Data Parallelism—aka data parallel compute—is no longer a new thing. It is THE programming model for most compute-intense applications and solutions running on multicore systems, including those that drive AI, machine learning, and video processing.
And according to Intel Senior Fellow Geoff Lowney, it will likely remain the dominant compute pattern for the next 10 years.
The challenge, then, is helping developers express parallelism more easily across the expanse of hardware architectures—CPUs for sure, but also GPUs and FPGAs and VPUs and IPUs and … you get the picture. To do this, a new language is needed.
That language is Data Parallel C++ (DPC++), a key part of Intel’s oneAPI initiative and an extension of familiar C++ that enables new ways to express parallelism for cross-architecture development.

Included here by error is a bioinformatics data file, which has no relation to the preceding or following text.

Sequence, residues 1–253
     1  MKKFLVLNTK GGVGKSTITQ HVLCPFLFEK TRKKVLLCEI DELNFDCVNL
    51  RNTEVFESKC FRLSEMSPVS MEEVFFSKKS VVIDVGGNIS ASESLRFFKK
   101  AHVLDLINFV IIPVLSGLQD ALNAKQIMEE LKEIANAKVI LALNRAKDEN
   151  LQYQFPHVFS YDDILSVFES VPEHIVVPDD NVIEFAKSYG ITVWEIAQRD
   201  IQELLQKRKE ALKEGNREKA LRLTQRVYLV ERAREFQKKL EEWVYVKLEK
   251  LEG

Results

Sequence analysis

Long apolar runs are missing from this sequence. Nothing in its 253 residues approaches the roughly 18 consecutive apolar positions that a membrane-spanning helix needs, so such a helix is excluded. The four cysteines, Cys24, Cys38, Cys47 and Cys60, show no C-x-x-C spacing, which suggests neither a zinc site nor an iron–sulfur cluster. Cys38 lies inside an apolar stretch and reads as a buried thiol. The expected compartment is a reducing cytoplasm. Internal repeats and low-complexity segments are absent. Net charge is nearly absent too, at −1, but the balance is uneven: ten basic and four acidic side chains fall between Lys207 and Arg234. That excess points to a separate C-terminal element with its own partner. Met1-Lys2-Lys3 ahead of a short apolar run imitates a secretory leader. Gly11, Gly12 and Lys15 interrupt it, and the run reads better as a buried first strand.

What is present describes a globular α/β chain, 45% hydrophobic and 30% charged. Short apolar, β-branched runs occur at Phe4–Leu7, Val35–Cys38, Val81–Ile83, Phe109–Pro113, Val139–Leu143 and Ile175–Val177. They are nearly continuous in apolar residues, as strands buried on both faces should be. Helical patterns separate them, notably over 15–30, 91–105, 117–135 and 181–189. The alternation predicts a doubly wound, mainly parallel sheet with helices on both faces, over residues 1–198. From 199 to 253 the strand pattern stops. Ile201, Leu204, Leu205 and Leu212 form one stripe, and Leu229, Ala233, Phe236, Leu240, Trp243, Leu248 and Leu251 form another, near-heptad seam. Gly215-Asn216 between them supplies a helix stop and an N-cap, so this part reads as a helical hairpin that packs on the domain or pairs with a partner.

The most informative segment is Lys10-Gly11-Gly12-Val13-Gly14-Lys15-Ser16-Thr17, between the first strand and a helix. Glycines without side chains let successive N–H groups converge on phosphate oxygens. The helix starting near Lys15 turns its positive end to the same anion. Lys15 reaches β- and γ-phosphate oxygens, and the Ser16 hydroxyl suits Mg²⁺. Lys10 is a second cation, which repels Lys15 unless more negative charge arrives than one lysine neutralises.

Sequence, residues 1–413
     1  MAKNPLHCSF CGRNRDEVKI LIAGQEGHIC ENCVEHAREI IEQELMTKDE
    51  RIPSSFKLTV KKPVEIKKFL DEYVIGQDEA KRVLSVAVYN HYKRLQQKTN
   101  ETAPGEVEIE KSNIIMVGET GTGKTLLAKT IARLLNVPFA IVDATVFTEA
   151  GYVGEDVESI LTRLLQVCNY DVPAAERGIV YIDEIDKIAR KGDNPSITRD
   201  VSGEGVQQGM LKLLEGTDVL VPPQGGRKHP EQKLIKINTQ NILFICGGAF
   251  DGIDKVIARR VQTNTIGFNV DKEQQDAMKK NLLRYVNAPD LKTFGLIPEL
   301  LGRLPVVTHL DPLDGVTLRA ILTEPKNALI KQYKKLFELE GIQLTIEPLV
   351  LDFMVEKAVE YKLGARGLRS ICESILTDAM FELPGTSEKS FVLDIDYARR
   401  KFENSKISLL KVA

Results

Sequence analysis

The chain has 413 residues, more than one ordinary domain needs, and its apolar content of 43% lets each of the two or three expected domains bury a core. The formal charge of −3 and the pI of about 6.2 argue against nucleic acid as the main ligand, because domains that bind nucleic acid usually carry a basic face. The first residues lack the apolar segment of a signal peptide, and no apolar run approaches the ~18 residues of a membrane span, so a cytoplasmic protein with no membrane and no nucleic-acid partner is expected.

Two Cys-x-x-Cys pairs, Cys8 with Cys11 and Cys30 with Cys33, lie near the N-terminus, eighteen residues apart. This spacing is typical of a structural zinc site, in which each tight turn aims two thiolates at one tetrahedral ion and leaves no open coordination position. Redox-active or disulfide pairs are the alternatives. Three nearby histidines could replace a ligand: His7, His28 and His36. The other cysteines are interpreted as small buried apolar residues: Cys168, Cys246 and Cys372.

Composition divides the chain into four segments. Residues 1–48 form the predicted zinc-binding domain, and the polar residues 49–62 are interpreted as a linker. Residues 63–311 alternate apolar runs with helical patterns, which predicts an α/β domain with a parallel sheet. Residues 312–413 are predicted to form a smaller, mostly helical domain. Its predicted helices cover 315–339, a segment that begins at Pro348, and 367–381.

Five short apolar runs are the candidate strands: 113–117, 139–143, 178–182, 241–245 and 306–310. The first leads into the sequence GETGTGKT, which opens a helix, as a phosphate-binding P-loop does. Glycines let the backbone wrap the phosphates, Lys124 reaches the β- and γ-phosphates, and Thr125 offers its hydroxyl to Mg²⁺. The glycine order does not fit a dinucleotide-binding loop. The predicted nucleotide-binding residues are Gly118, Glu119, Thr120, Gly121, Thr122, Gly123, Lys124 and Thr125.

In this 12-minute video, Geoff sits down with Tech.Decoded to discuss DPC++ and what you need to know, including:
- Does DPC++ require separate host and kernel code?
- Why use DPC++ for heterogeneous parallelism vs adopting OpenCL™ or CUDA*?
- Do my legacy C++ programs need updating to take advantage of DPC++? If so, how much?
- Can I combine DPC++, Threading Building Block, Parallel STL, and OpenMP* in the same program?
- Will DPC++ features eventually become part of the C++ standard?
Get Started Now
- Visit the Intel® oneAPI beta website to learn about this initiative, including DPC++, free software toolkits, a cloud-based development sandbox, training, industry partners, and more.
- Try your code in the Intel® DevCloud—Sign up to develop, test, and run your solution in this free development sandbox with access to the latest Intel® hardware and oneAPI software—including DPC++. No downloads. No configuration steps. No installations.